The truth is that all films have a quality ceiling, a limitation to how good they can ever be. That ceiling is set by the basic idea. If the film was always a bad idea, there’s only so much any editor can do.

Tim Robbins and Samantha Morton in "Code 46": a chemistry-free zone.

The same is true of casting – if you’re making a rom-com and your lead actors just don’t have any chemistry, the film is doomed. A skilled editor might be able to cut round the performances so that those moments of cringing awkwardness are gone; they can steal moments from other takes to make it look as if the couple are connecting; you can even get in a stellar composer to write a theme so full of warmth and wit that we almost believe these people to be in love. But nothing will ever make up for the absence of those genuine moments of connection.

In one respect ‘better’ is never as good as ‘good’. A skilled editor can always find some way of making a film better, but they can never make it good – either a film has what it takes to be good in its DNA or it doesn’t. We are surgeons, not geneticists.  We can make your film 99% less bad, but there’s only one person who can make it good and that’s the screenwriter.

Copyright © Guy Ducker 2011

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14 Responses to “Better, Good, Best”
  1. would you rather have a bad director and a great editor or a great director and a lousy editor?

    just wondering.

    Thanks for the article. lots to think about.

    • guyducker says:

      On balance I’d say a great director and a lousy editor – a great director can lead a lousy editor by the nose if they have to… or even fire them. Start with poorly directed rushes and you’re in a world of pain. Even if it’s based around a good idea, is well cast and you’ve got a top notch editor it’s not going to be easy.

  2. laura says:

    Vey nice article with interesting anecdotes. Great editing room photo!

  3. Mahmut Akay says:

    Another fantastic and insightful article.

  4. Ivan says:

    Entertaining, and very inspiring anecdotes about how certain films fared in the past.
    There may be hope for mine!

  5. Jen says:

    Nice article. I’ll never forget the story of great editor Ralph Rosenblum who took Woody Allen’s “Take the Money and Run” and turned it from a disaster into a masterpiece – he made Woody a star director. That story made me want to become an editor.

  6. liz says:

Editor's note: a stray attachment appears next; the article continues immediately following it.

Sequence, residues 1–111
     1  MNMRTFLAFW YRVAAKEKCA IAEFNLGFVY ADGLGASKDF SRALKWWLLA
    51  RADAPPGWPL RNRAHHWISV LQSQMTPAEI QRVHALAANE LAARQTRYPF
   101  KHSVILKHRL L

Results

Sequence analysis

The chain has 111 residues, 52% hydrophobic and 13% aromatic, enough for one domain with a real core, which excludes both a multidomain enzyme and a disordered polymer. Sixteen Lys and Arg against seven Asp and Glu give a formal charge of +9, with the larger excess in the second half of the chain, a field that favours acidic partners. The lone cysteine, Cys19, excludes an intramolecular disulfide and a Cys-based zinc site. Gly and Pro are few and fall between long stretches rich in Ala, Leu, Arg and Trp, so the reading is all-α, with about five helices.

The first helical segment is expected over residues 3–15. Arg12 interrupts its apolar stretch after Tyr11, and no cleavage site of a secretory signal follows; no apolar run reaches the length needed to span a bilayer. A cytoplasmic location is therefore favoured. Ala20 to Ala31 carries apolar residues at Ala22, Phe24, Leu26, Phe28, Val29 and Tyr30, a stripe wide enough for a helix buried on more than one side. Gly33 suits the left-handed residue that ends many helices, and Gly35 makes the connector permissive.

Great article. I am disappointed in how my movie came out and don’t know whether to blame the editor or the director, neither of whom was very experienced….I’d love to have my movie re-edited but no budget! Or should i just try to do the whole thing over again with ‘money’? Any suggestions?

  7. John says:

    Very interesting article about a role that has always intrigued me. As a writer I accept that once I turn over my script to a director/producer it’s not ‘my’ story anymore: how closely the director’s interpretation matches my own is always fascinating to behold. So much of what writers do is subconscious that it’s amazing to see which elements connect with the director and which are discarded. What surprised me is that the article gives the impression that the same process of ‘handing off’, if you will, takes place between director and editor. The director translates words on a page into a visual story and hands it off to the editor who reassembles and manipulates the raw material to create what may turn out to be a significantly different story than the one captured by the director. Am I right in this interpretation or do directors hover over the editors shoulder throughout the editing cycle?

    • guyducker says:

      There is a handing over to the editor like you describe during the shoot; while the director is on set, the editor will be cutting together the previous day’s rushes. A week or so after the shoot the editor will show their first assembly to the director. How they work together after that varies from case to case, but generally it works better if the director isn’t hanging on the editors shoulder all day. Where you are spot on is in your comment about the footage, which is a new story, subtly different from the script. Nic Roeg used to say “you shoot the script, then you cut the rushes”.

  8. Great article. You have a lovely, readable style and, if I might apply and adapt your final comment to your own article, if the subject is good the article has the potential to be good. In a blogosphere packed with dross, this is the good stuff. I look forward to your next article and continue now with cutting the film I’m currently editing.

  9. Really great article. Thanks for sharing!

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  1. […] editor then sweats away trying to make sense out of a story that doesn’t quite make sense and, as I’ve suggested before, no matter how good the editor is, the chances are he or she won’t succeed. Sometimes the editor […]